My point is this, when you post on the forums, you get a WIDE array of responses and opinions. You need to weed through that and make an informed decision based on your intended use and whatever else you prioritize. When I first got into tandems, I had the perception that a normal spaced hub (135mm mtb or 130mm spaced road) on a tandem would simply just vaporize due to the tremendous weight/power/load (insert sarcasm). It was not until I saw others riding "less robust" configurations that I realized that some of the tandem "standards" may be where they are so that tandem builders can ensure that their bike can hold up to a 400lb + team or fully loaded with panniers etc.. I'm not faulting any manufacturer or anyone here, just saying that one size fits all may not be the answer.

Ok, go

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Old 01-28-15, 11:46 AM
  #21  
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Good post and I agree.

I will add that I believe rim strength has come along way since the 145mm and 160mm widths were invented. A strong rim will make up for the narrower spacing. I expect that if you put an old school light weight box shaped rim on a modern 135/142mm hub tandem you will most likely have the same problems that drove all the makers to go wider than then then standard 140mm hubs.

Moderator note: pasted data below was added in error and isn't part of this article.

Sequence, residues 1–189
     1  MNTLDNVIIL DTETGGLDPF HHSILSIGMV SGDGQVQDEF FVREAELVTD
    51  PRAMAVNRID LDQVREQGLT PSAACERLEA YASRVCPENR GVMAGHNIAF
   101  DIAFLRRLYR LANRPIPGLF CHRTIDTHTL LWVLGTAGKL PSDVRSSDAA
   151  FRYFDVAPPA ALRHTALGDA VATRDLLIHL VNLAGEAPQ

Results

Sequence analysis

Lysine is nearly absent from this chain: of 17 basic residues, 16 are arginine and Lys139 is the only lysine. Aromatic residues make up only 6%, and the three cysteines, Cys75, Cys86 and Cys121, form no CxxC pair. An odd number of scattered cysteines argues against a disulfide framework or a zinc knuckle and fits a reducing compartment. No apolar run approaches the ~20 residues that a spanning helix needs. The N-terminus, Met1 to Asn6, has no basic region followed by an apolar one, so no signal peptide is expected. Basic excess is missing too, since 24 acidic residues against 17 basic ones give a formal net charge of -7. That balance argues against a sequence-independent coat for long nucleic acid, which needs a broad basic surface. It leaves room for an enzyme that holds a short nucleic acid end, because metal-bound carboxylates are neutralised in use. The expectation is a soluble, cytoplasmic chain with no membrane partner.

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Old 01-28-15, 11:53 AM
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Originally Posted by swiz View Post

* Calfee is recommending thru-axle with front/rear disc. This looks really robust. While I want to modernize over our older tandem, I'm a little concerned about wheel/hub avaliablity in the future.
Front discs on tandems make great sense in theory, but lead to other issues, questions. For example, the front hub flange distance will be less. Proven forks are scarcer, and these need be more robust. A tapered steerer makes more sense, but does Calfee propose to provide a matching tapered head tube? You might ask why Calfee's headtube is aluminum, wouldn't a carbon headtube be stronger, lighter, better?

I find the 203 mm rear disc and front caliper to be adequate, even for the Bay Area descents (although descending Redwood Gulch, Hicks, or Bohlman would give me pause). You might want to compare how it works out with or without a front disk. You may like the front caliper option better.
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Old 01-28-15, 12:50 PM
  #23